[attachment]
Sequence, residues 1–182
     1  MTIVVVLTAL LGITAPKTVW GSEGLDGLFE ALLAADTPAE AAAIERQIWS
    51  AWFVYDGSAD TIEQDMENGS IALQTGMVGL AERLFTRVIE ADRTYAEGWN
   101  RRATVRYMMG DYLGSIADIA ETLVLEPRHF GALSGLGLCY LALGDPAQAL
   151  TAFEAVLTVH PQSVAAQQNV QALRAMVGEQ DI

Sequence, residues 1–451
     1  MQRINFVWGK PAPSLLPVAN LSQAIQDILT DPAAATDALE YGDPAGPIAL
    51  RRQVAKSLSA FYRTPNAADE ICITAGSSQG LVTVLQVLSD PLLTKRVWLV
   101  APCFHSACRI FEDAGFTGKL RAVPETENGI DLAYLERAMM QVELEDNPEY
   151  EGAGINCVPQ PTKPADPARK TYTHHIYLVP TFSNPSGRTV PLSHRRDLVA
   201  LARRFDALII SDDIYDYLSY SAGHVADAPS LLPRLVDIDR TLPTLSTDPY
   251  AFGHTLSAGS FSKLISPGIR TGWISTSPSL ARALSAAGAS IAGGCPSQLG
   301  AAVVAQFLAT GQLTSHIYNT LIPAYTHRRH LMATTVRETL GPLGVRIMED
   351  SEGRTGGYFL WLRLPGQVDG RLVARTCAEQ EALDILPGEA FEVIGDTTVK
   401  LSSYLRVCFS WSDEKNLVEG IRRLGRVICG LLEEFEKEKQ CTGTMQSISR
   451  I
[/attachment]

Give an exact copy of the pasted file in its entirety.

Sequence, residues 1–182
     1  MTIVVVLTAL LGITAPKTVW GSEGLDGLFE ALLAADTPAE AAAIERQIWS
    51  AWFVYDGSAD TIEQDMENGS IALQTGMVGL AERLFTRVIE ADRTYAEGWN
   101  RRATVRYMMG DYLGSIADIA ETLVLEPRHF GALSGLGLCY LALGDPAQAL
   151  TAFEAVLTVH PQSVAAQQNV QALRAMVGEQ DI

Sequence, residues 1–451
     1  MQRINFVWGK PAPSLLPVAN LSQAIQDILT DPAAATDALE YGDPAGPIAL
    51  RRQVAKSLSA FYRTPNAADE ICITAGSSQG LVTVLQVLSD PLLTKRVWLV
   101  APCFHSACRI FEDAGFTGKL RAVPETENGI DLAYLERAMM QVELEDNPEY
   151  EGAGINCVPQ PTKPADPARK TYTHHIYLVP TFSNPSGRTV PLSHRRDLVA
   201  LARRFDALII SDDIYDYLSY SAGHVADAPS LLPRLVDIDR TLPTLSTDPY
   251  AFGHTLSAGS FSKLISPGIR TGWISTSPSL ARALSAAGAS IAGGCPSQLG
   301  AAVVAQFLAT GQLTSHIYNT LIPAYTHRRH LMATTVRETL GPLGVRIMED
   351  SEGRTGGYFL WLRLPGQVDG RLVARTCAEQ EALDILPGEA FEVIGDTTVK
   401  LSSYLRVCFS WSDEKNLVEG IRRLGRVICG LLEEFEKEKQ CTGTMQSISR
   451  I